Australian Institute of Health and Welfare (2022) Alcohol and other drug treatment services in Australia annual report, AIHW, Australian Government, accessed 08 October 2022.
Australian Institute of Health and Welfare. (2022). Alcohol and other drug treatment services in Australia annual report. Retrieved from https://pp.aihw.gov.au/reports/alcohol-other-drug-treatment-services/alcohol-other-drug-treatment-services-australia
Alcohol and other drug treatment services in Australia annual report. Australian Institute of Health and Welfare, 27 July 2022, https://pp.aihw.gov.au/reports/alcohol-other-drug-treatment-services/alcohol-other-drug-treatment-services-australia
Australian Institute of Health and Welfare. Alcohol and other drug treatment services in Australia annual report [Internet]. Canberra: Australian Institute of Health and Welfare, 2022 [cited 2022 Oct. 8]. Available from: https://pp.aihw.gov.au/reports/alcohol-other-drug-treatment-services/alcohol-other-drug-treatment-services-australia
Australian Institute of Health and Welfare (AIHW) 2022, Alcohol and other drug treatment services in Australia annual report, viewed 8 October 2022, https://pp.aihw.gov.au/reports/alcohol-other-drug-treatment-services/alcohol-other-drug-treatment-services-australia
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In 2020–21, amphetamines were reported as a drug of concern (either principal or additional) in 3 in 10 treatment episodes (31% or 69,600 episodes) (Table Drg.4).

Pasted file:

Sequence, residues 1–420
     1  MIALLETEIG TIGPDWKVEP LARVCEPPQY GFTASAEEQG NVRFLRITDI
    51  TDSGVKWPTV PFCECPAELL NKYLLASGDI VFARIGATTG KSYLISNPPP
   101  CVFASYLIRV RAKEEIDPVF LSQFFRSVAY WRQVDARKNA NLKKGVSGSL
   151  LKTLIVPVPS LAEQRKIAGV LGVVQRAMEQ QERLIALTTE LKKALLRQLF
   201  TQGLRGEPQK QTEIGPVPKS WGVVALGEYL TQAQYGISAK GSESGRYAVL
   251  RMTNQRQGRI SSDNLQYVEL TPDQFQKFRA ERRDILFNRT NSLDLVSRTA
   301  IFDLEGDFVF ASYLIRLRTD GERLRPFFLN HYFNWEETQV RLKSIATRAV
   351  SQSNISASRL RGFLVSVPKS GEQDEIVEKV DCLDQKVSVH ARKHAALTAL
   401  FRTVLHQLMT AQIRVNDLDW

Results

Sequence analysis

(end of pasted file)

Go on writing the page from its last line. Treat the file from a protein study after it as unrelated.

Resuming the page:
AODTS NMDS data for amphetamines correspond to the Australian Standard Classification of Drugs of Concern (ASCDC) for the general ‘amphetamines’ classification, in which methamphetamine is a sub-classification (ABS 2011).
The ASCDC is set up with 3 levels of classification which includes the broad group (e.g. Stimulants and hallucinogens), narrow group and base-level categories (which are the most detailed). Data available in the AODTS NMDS report the narrow group ‘amphetamines’ classification. Base-level categories within this narrow group include:
Changes to coding for methamphetamines has been difficult due to jurisdictional differences in client management systems, and the use of only broad or narrow group coding by some agencies. This has improved over time due to advancements in workforce training, agency coding practices and new system updates.
Data on different forms of amphetamines—methamphetamine specifically—have not been separately reported over time due to the nature of the classification structure used in this collection. Information on methamphetamines as a principal drug of concern was reported for the first time in the 2019–20 AODTS NMDS report.